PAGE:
Corneal foreign body and rust ring removal in a remote setting: further tips and tricks when support is afar : Emergency and Critical Care Medicine

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Corneal foreign body and rust ring removal in a remote setting: further tips and tricks when support is afar

Wilson, Matthew M.; Mathan, Jeremy J.

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Emergency and Critical Care Medicine: September 2022 - Volume 2 - Issue 3 - p 103-104
doi: 10.1097/EC9.0000000000000028
  • Open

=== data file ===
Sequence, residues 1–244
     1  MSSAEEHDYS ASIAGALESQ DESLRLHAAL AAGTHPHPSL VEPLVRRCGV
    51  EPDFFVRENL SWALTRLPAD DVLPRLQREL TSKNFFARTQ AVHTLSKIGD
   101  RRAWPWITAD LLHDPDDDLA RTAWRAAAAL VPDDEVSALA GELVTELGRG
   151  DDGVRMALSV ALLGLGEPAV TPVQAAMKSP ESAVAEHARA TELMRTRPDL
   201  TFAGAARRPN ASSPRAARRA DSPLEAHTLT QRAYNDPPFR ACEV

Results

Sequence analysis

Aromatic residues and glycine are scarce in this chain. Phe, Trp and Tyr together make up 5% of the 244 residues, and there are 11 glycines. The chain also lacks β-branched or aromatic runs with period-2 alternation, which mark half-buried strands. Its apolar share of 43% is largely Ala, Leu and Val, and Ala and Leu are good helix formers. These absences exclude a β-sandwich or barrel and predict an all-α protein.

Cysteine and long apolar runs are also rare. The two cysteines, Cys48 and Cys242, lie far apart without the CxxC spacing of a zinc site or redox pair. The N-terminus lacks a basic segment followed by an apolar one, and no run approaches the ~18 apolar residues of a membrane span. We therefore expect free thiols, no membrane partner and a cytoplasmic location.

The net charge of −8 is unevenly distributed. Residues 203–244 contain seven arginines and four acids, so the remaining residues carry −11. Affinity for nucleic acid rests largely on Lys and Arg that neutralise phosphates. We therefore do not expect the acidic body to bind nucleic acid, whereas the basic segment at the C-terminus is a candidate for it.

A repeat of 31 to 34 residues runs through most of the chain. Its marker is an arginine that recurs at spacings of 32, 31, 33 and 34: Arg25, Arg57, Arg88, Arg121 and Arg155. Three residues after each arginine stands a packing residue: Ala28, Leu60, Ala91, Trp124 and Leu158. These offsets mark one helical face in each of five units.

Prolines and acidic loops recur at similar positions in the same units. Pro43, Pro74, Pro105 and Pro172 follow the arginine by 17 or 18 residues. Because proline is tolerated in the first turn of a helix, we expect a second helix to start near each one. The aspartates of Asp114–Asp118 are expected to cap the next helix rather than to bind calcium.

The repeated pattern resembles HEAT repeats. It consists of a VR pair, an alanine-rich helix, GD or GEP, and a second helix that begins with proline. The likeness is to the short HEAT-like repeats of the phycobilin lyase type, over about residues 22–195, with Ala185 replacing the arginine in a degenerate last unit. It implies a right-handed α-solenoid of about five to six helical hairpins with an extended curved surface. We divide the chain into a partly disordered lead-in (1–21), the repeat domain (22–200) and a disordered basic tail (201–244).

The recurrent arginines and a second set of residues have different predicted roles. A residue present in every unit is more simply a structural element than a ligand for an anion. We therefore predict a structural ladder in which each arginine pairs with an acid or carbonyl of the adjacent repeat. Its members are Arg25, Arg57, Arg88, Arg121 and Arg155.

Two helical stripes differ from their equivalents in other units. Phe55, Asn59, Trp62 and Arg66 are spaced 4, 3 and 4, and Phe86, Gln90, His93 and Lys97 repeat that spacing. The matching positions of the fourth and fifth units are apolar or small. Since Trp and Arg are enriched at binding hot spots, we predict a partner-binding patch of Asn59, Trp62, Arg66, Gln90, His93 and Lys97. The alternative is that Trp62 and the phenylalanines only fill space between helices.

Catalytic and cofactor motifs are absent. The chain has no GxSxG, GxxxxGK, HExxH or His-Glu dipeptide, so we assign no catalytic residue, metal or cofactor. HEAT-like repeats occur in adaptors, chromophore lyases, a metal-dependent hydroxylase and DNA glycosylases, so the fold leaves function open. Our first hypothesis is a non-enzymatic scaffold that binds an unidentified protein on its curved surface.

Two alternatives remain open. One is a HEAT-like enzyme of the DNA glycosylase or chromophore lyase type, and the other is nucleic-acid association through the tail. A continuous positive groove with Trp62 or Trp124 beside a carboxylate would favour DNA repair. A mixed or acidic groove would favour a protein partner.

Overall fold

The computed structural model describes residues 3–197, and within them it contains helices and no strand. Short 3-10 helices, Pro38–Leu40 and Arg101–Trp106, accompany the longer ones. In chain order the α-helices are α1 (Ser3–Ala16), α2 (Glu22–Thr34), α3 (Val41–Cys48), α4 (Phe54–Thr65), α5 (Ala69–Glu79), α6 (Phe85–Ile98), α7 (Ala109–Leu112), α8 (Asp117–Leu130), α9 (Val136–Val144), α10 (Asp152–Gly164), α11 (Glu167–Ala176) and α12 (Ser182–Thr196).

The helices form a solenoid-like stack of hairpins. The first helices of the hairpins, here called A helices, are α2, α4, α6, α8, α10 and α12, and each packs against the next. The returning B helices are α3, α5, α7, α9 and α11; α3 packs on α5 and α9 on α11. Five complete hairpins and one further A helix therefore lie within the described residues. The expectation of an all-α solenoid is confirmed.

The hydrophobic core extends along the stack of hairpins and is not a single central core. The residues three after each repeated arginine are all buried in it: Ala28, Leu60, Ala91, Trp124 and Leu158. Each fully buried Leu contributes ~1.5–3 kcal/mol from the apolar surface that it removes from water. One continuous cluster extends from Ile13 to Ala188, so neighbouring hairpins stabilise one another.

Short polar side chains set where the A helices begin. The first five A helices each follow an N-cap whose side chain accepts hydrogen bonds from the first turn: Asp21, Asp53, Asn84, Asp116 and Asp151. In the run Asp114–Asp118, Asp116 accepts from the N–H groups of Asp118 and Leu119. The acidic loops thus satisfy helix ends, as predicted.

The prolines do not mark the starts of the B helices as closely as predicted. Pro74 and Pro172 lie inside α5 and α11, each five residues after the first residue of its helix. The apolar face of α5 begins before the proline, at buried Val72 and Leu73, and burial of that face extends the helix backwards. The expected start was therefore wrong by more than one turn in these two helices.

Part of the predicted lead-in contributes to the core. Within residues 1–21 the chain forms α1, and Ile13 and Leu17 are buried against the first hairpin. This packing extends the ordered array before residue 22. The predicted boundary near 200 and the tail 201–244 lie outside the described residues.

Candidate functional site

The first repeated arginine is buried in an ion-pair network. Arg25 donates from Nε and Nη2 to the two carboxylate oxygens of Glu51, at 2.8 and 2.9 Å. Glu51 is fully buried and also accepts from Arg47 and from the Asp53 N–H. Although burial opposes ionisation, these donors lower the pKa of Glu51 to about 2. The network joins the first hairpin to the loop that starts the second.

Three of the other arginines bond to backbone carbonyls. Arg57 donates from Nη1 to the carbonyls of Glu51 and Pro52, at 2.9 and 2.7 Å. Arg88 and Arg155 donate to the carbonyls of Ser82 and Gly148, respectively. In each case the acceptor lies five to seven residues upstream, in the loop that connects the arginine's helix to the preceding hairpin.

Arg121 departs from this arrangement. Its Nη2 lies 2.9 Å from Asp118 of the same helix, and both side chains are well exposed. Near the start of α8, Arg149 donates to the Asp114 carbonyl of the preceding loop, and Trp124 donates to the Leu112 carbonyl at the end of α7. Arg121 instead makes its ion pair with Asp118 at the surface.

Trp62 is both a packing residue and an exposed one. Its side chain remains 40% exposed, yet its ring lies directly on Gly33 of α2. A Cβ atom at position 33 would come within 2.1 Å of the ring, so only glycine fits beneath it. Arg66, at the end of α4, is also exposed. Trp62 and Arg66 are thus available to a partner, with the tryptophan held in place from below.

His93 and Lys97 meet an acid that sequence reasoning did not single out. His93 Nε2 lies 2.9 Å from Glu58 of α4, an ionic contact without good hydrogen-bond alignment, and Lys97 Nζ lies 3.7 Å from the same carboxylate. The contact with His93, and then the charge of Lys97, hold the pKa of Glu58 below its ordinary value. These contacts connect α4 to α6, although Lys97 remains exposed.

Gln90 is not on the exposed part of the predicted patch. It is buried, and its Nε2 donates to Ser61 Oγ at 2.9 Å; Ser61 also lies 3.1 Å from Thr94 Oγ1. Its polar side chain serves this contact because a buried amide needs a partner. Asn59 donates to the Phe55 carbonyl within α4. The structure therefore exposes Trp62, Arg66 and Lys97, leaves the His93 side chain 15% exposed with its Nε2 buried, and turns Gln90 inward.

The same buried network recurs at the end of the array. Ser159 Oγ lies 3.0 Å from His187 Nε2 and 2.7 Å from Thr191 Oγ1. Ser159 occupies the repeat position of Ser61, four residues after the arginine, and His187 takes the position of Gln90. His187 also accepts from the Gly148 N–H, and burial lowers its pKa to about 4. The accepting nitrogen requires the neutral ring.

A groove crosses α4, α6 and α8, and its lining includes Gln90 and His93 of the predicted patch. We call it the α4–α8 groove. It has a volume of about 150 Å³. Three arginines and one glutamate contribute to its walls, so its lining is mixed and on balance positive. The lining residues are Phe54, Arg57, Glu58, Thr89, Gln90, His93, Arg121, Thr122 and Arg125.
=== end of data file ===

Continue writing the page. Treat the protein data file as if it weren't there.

Corneal foreign body (CFB) is a common ophthalmic presentation to the Emergency Department (EDs).[1] Removal is facilitated by gentle mechanical displacement of the foreign body in the anesthetized cornea. Confidence in performing this procedure varies between trainees and physicians depending on training and exposure, though research has revealed that approximately 70% of emergency doctors lack confidence in dealing with ocular emergency presentations.[1,2] With reports that 84% of the Australian ophthalmology workforce reside in metropolitan areas, a difficult CFB removal can be isolating for a remote medical practitioner with limited ophthalmic support.[3] This letter aims to provide useful tips and tricks beyond clinical practice guidelines for emergency medicine trainees, rural practitioners, and physicians undertaking a CFB and rust ring removal with limited access to an ophthalmology service.